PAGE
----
Global Economy

Stocks move higher despite second-straight GDP contraction, Dow jumps 220 points

U.S. equities rose on Thursday even after the latest GDP showed a second-straight contraction as investors bet the economic downturn would soon cause the Federal Reserve to end its aggressive hiking campaign.

The Dow Jones Industrial Average jumped 221 points, or 0.7%, while the S&P 500 rose 0.7%, and the Nasdaq Composite added 0.4%. All of the major averages cut steeper losses from earlier in the session and are on pace for a winning week as well as their best month of 2022.

Stocks initially dipped after the GDP report but rebounded as investors digested what the reading could mean for the likelihood of a recession while considering the Federal Reserve’s latest monetary policy decision. U.S. economic growth fell 0.9% in the second quarter, the Bureau of Economic Analysis reported Thursday. The Dow Jones estimate was for a gain of 0.3%. First-quarter GDP declined by 1.6%.

“Today’s reading only adds fuel to the fire that we are in or entering a recession,” said Mike Loewengart, managing director of investment strategy for E-Trade. “While it is certainly on the negative side of the estimates, keep in mind that a 1% decrease is relatively small and supports the idea that any recessionary environment will be mild.”

“The Fed has been clear that controlling inflation is its top priority so it’s unlikely it will change course due to another negative quarter, although today’s report may seem contradictory to Powell’s recession comments yesterday,” he added. “The market has been rallying in July so don’t be surprised to see the realities of the challenges that lie ahead set in for investors.”

The moves come on the heels of a broad-based rally Wednesday after the Fed hiked interest rates by 0.75 percentage point for the second consecutive time to fight inflation, and investors bet on whether the central bank can halt surging prices without pushing the economy into a recession.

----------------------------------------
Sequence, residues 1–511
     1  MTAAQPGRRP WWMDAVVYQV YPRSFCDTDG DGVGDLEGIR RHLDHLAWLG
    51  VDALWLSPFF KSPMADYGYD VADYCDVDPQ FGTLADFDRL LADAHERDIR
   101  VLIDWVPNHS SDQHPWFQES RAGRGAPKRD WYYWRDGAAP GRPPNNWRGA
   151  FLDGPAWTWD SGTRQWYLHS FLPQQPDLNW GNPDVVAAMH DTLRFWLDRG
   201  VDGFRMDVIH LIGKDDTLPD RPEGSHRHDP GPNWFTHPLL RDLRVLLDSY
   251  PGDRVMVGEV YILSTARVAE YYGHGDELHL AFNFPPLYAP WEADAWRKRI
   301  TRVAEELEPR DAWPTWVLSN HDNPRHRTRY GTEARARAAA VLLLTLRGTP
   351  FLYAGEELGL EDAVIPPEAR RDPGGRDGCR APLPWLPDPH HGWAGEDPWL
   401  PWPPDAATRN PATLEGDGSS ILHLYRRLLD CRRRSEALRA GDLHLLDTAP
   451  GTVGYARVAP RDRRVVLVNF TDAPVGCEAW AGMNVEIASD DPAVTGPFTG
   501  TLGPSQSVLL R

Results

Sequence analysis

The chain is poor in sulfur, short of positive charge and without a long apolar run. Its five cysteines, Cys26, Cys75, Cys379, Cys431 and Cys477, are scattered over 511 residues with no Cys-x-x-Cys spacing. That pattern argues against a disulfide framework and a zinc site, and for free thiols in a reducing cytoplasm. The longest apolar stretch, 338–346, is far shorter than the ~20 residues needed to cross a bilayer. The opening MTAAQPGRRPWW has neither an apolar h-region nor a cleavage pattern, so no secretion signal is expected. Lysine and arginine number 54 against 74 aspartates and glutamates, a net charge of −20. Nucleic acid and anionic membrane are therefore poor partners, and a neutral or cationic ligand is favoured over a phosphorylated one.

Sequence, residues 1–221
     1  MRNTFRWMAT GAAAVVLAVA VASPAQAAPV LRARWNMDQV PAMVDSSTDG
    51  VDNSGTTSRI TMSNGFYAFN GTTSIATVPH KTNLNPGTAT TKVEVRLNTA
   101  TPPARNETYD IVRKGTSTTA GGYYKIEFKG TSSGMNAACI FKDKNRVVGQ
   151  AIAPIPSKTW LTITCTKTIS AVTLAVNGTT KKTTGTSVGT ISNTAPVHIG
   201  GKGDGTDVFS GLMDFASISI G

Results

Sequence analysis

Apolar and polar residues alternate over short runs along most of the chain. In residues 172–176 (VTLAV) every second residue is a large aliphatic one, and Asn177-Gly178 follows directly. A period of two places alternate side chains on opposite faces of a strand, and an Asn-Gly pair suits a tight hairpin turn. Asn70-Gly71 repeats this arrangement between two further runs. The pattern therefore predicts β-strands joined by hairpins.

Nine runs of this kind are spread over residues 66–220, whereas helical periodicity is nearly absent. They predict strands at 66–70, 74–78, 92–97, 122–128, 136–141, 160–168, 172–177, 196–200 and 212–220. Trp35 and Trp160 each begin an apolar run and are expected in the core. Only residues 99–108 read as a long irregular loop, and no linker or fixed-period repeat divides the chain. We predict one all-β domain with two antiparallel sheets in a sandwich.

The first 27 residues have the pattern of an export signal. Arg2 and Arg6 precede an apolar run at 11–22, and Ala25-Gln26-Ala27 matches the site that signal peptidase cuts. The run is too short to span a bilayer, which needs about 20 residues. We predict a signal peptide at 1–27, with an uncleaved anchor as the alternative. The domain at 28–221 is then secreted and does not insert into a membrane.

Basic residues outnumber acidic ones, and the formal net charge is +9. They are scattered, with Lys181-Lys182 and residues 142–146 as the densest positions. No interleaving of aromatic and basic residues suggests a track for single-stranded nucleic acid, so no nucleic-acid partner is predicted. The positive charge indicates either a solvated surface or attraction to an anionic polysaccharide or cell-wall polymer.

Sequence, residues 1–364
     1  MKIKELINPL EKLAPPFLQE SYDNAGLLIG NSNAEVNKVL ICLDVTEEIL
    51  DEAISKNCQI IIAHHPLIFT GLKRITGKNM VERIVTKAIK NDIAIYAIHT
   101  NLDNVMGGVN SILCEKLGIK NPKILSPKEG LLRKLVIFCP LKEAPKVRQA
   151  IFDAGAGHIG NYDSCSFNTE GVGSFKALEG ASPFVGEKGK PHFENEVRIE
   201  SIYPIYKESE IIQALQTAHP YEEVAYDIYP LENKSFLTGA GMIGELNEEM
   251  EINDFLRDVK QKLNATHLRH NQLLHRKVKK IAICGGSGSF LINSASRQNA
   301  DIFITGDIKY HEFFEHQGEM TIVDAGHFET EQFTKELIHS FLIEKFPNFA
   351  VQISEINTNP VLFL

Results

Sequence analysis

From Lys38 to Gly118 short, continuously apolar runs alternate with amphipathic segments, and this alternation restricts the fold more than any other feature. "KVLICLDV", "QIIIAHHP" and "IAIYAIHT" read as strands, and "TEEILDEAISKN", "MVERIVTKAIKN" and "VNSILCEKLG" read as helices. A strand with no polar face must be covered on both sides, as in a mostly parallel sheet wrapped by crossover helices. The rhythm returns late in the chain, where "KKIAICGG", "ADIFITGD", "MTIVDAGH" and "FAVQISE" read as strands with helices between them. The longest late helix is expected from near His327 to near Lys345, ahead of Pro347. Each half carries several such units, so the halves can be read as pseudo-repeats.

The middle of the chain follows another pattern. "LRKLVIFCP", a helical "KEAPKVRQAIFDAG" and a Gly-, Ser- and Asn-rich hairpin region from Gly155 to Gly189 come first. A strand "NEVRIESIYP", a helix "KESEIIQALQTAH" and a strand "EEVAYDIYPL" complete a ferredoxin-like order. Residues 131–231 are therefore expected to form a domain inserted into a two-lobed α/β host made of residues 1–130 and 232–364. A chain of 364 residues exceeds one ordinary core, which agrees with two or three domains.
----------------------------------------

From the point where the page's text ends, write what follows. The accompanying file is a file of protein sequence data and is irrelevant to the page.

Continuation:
Investors have grown increasingly concerned in recent months that the Federal Reserve’s attempts to tame surging prices would move the economy closer to a recession. Many characterize a recession as having two back-to-back negative quarters of economic growth. It’s more nuanced than that. The National Bureau of Economic Research, the official arbiter of recessions, considers several additional factors.

Investors also continued to monitor companies’ second-quarter results Thursday. Shares of Meta Platforms dipped 5.9% on the back of disappointing quarterly numbers.

Shares of Comcast slid more than 9% after reporting it failed to add broadband subscribers for first time ever. Charter Communications fell 7%. The communication services sector was down by 2%, after posting its best daily performance since April 2020 on Wednesday.

Stanley Black & Decker shares tumbled about 15% after the manufacturing company missed earnings and revenue estimates and cut its earnings guidance.

Nearly 49% of S&P 500 companies have reported earnings through Thursday’s open. Of those companies 71.5% have beaten estimates, FactSet data shows.

Investors are looking ahead to results from Apple, Amazon, Intel and Roku slated for after the bell.

Disclosure: Comcast is the owner of NBCUniversal, parent company of CNBC.


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